Creativity matters

To get the best possible return, the Lions agreed to an NBA-style trade that attached additional picks as incentive to take on Goff’s bloated contract. That part of the trade was reminiscent of the Texans adding two draft picks to quarterback Brock Osweiler in a 2017 trade with the Browns. The Browns cut Osweiler before he could play a snap; the Lions will use Goff as a starter in 2021.

The Rams paid a steep price, but they were able to trade a contract that some around the league considered immovable. That’s a valuable lesson for Bears general manager Ryan Pace, who has vowed to be aggressive in acquiring a quarterback.

The Bears, like the Rams, figure to be up against the 2021 salary cap. They have their own veteran quarterback that the league has soured on — Nick Foles — though his contract is more palatable than Goff’s.

Pace still can find a way to get a trade done.

It’s fair to wonder whether the Eagles would consider adding draft picks to move quarterback Carson Wentz, who was drafted one spot after Goff in 2016 and has a similarly pricey contract.

Supply still won’t meet demand

The Bears respect Stafford’s skills — NFL Network listed them among the teams who inquired about his availability — but the Lions were unlikely to deal him to another NFC North team. The Bears’ best hope was that Stafford would end up on a team whose current starter would have represented an upgrade for the Bears.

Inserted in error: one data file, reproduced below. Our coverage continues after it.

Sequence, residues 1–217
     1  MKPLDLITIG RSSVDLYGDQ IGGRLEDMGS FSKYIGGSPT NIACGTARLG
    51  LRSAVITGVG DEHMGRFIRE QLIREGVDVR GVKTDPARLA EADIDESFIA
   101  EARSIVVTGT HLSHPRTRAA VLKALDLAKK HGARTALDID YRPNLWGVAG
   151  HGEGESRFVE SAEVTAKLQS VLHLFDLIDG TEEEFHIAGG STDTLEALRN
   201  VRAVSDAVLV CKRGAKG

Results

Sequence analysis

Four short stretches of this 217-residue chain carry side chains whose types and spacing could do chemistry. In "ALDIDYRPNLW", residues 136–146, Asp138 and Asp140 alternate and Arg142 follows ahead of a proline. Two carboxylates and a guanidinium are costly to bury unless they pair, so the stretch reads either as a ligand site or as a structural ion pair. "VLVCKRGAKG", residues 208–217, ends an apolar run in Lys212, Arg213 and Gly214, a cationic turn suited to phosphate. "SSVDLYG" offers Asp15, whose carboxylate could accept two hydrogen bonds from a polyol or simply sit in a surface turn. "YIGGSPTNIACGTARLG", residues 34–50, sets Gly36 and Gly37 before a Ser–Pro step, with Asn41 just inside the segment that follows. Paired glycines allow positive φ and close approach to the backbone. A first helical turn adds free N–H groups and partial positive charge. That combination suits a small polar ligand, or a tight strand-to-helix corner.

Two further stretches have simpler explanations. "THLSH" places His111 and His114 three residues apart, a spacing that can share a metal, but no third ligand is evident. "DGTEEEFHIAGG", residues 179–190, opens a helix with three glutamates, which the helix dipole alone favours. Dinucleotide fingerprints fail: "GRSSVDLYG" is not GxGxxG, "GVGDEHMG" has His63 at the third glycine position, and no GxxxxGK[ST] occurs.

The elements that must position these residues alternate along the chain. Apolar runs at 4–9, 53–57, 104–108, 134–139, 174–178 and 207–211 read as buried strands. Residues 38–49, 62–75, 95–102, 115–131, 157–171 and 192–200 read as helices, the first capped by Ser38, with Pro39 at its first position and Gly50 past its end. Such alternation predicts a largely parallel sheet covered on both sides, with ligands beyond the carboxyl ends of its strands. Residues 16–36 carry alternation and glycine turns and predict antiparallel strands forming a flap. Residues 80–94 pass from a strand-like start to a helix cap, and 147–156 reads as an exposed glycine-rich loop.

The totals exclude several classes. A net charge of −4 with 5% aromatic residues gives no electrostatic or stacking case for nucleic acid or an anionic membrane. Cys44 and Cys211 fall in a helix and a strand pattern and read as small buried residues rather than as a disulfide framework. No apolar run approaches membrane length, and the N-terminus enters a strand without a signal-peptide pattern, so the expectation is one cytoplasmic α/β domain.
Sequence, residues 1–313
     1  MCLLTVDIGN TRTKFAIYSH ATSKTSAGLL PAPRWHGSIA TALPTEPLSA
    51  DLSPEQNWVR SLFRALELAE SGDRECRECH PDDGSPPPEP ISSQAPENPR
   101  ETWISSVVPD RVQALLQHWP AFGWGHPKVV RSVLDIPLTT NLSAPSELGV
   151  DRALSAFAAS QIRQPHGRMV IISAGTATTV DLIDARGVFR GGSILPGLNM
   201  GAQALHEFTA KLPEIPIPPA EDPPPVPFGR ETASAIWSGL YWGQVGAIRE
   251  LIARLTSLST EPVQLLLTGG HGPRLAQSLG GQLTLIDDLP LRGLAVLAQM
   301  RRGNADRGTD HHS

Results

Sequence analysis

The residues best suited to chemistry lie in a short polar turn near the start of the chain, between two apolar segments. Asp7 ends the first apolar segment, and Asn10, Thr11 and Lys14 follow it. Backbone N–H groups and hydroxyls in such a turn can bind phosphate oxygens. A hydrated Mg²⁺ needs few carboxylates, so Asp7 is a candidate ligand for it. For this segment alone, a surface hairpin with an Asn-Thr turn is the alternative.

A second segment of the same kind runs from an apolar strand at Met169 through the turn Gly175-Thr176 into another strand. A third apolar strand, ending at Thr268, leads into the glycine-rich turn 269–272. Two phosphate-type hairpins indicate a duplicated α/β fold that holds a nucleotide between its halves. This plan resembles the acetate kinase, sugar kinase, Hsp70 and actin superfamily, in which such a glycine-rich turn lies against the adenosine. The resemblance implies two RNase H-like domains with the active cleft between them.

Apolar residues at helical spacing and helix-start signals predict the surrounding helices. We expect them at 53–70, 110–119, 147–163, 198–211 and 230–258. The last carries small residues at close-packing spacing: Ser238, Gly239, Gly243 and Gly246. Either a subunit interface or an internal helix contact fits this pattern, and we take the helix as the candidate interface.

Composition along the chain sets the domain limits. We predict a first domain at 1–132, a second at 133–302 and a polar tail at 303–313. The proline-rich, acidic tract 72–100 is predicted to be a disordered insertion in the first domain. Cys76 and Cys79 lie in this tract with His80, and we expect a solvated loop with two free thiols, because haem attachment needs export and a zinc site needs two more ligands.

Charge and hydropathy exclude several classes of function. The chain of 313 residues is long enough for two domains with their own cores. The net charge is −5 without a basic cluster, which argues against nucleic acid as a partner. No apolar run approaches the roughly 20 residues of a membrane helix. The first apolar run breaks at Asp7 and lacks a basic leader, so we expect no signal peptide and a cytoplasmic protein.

Had he landed with the 49ers or Raiders, the Bears could have pursued Garoppolo or Carr immediately. In the game of quarterback musical chairs, though, the Bears didn’t see any new space open up. Even worse, all the other teams with obvious quarterback needs — the Jaguars, Jets, Colts, Patriots and Panthers — still need a passer.

Where the QB wants to live matters

Stafford and his wife, Kelly, own a home in Newport Coast, California, near Los Angeles. Last offseason, Kelly Stafford posted a story on Instagram speculating her husband could end up with the Chargers, writing: ‘‘Well, if Detroit is done with us . . . I could stay in Cali.’’

The Lions didn’t take less in return so they could satisfy the Staffords’ California dreams — the quarterback told them he would go anywhere but the Patriots, according to NBC Sports Boston — but their willingness to go to the Rams certainly helped. Is there a quarterback who feels that way about Chicago?

Watson, of course, can control his own destiny with a no-trade clause.

The Lions are rebuilding

The Lions hinted at it when they gave new coach Dan Campbell a six-year contract and confirmed it Saturday: They’re rebuilding and might be truly awful in 2021.

That means more for the Bears beyond two walkover games next season. Drafting seventh, the Lions might join the ranks of teams that consider selecting a quarterback. Or, considering how much time it might take them to rebuild, the Lions may opt to push that draft desire a year into the future, when they might pick even earlier and own the Rams’ first-round pick.